Get email alerts Get Celiac.com E-mail Alerts  




Celiac.com Sponsor:
Celiac.com Sponsor:




Ads by Google:






   Get email alerts  Subscribe to FREE Celiac.com email alerts

Will My Children Be Celiac?
0

13 posts in this topic

I don't have any children yet but when I do I was just wondering what the odds are of them having celiac too?

0

Share this post


Link to post
Share on other sites


Ads by Google:

I believe the current statistics show 1 in 22 - it depends on so many factors.

If you are curious, you could have yourself gene tested. I have a pair of one set of genes which means all of my children have at least one celiac gene. Even if your children inherit a celiac gene it does not mean they will develop Celiac Disease. About 30% of the population carry celiac genes - yet only an estimated 1% of the population develop Celiac Disease.

0

Share this post


Link to post
Share on other sites

My husband and son both have celiac. I think those odds are a bit off. It is genetic so you could walk around with it and never know until something triggers it.

0

Share this post


Link to post
Share on other sites

My husband and son both have celiac. I think those odds are a bit off. It is genetic so you could walk around with it and never know until something triggers it.

I agree with this as all of my kids and both grands have Celiac Disease or NCGI. But again, I have several copies of genes and my husband is a non-celiac carrier.

The point is that while many families have several celiacs, there are others with only one. Additionally, it seems more of us may be triggered by present day food supply than previous generations.

Personally, I think a Mom diagnosed before her children are born is in a wonderful position to provide the best possible food for her children - thus giving them the best shot for a long healthful life :)

0

Share this post


Link to post
Share on other sites

I think the studies are totally off on this. BOTH of my kids ended up having celiac. My mom has it, three of her siblings have it, I'm fairly positive that my brother's two kids have it, my sister's daughter has it--get my drift? Even though the official nonsense says that it's 1 out of 22 who get it, it seems a lot more common than that. If you have celiac, just make certain your household is gluten free. Your kids can eat gluten outside of the home....and if it ends up being a problem for them, then you'll have your answer.

1

Share this post


Link to post
Share on other sites




I was diagnosed at age 49... the only one in my small immediate family and my small extended family. About 4 years later, my second daughter was diagnosed at about age 28. Third daughter was diagnosed a few years later at age 27 and spent more than a year w/ the most severe symptoms and dietary restrictions I've ever heard of until she's been able to bring more foods back into her diet. First daughter was diagnosed 2 years ago... all in the family.

0

Share this post


Link to post
Share on other sites

Very interesting! How do I do a gene test?

I believe the current statistics show 1 in 22 - it depends on so many factors.

If you are curious, you could have yourself gene tested. I have a pair of one set of genes which means all of my children have at least one celiac gene. Even if your children inherit a celiac gene it does not mean they will develop Celiac Disease. About 30% of the population carry celiac genes - yet only an estimated 1% of the population develop Celiac Disease.

0

Share this post


Link to post
Share on other sites

Your doctor can order blood tests for Celiac genes. I've also seen folks on this board that have had it done through private companies.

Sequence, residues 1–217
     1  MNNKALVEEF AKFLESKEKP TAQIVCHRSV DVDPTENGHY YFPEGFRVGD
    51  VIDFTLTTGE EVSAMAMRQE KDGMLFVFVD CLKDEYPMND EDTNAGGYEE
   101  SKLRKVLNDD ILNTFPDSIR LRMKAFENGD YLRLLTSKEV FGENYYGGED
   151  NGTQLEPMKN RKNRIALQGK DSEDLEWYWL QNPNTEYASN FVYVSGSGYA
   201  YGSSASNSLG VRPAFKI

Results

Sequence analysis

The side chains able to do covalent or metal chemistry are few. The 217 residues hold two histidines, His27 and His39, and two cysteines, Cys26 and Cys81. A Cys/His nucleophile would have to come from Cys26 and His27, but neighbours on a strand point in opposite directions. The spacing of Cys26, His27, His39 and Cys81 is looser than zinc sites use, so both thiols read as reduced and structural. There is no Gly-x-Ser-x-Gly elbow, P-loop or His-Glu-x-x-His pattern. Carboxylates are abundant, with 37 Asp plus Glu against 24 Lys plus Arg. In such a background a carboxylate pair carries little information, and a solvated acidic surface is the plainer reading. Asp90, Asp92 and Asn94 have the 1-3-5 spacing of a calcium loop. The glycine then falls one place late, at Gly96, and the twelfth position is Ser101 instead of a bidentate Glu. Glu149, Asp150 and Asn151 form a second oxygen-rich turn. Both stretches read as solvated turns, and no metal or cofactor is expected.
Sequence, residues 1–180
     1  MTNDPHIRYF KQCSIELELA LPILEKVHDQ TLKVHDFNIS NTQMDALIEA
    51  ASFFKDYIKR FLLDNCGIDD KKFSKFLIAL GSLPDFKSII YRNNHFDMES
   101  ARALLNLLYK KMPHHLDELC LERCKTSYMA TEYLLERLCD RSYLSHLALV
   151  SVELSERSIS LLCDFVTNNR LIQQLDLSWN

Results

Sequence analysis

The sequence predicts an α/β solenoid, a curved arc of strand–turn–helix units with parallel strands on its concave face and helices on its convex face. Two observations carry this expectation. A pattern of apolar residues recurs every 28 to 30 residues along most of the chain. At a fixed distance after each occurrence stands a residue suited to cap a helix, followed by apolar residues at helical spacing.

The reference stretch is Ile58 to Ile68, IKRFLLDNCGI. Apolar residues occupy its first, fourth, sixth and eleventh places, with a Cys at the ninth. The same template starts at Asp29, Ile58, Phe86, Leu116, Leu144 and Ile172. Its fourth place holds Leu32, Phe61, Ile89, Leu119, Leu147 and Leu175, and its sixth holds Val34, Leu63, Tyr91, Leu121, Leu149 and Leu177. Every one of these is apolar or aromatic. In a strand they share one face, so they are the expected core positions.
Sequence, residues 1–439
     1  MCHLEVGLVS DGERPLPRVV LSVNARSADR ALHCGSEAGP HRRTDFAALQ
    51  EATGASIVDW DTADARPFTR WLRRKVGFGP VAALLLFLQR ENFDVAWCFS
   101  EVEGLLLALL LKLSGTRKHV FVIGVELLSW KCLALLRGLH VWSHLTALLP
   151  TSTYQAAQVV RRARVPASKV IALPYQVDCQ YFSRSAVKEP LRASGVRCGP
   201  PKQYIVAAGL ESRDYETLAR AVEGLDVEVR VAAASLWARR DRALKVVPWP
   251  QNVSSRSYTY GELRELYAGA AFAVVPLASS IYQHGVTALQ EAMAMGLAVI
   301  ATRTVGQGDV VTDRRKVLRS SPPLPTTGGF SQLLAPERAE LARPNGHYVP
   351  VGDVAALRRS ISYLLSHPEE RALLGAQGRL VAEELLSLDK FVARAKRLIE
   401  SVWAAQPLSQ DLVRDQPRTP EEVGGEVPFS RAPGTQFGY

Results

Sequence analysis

There are drawbacks to gene testing

  • most U.S. doctors test for DQ2 and DQ8 only
  • there are other genes associated with Celiac Disease and NCGI
  • it is possible to have positive antibodies and/or positive biopsy without any of the associated genes

There are likely more drawbacks that I'm not thinking of right now.

As long as you are aware that these tests are only an indication rather than concrete information they can be worth while.

0

Share this post


Link to post
Share on other sites

The problem with gene testing is that 30-40 percent of Americans carry one or both celiac genes. Celiac occurs after it's been triggered, so you may carry the gene but never develop celiac. Therefore, to me the testing seems irrelevant.

0

Share this post


Link to post
Share on other sites

We found it helpful in my family as my kids were all testing negative - all with different symptoms -- my gene testing was an important piece of the puzzle for them. Honestly, it was my celiac doc suggested it when we were frustrated with the diagnosis process of my children. I never would have been tested without his suggestion.

Again - it is not conclusive information - but is another piece of the puzzle.

0

Share this post


Link to post
Share on other sites

Maybe. In my family, there are only a few of us diagnosed - me, two of my aunts, and one of my cousin's children. I don't have any kids and my parents are are not diagnosed as celiac (though my mother refuses to get tested, and it's her sisters who have it, so who knows). One celiac aunt has five children, none of whom are diagnosed celiac. The other aunt has two sons. One son doesn't have it; the other probably does but refuses to get tested - and his oldest son has celiac.

I think there is more celiac disease in my family then we know of - but since many of these relatives refuse to get testing done, it's hard to be sure. At any rate, it's not a done deal that your kids would get celiac. Even if they inherit celiac genes from you, they may never develop the disease - but at least they'll be aware of it and you'll know to keep an eye on them.

0

Share this post


Link to post
Share on other sites

Hi

Not much help - but I'm sure I have read somewhere that in Norway (or somewhere in Scandinavia :ph34r: ) due to the higher incidence of celiac it is now recommended that babies and young children are gluten free. This apparently gives you a better chance of tolerating gluten in later life!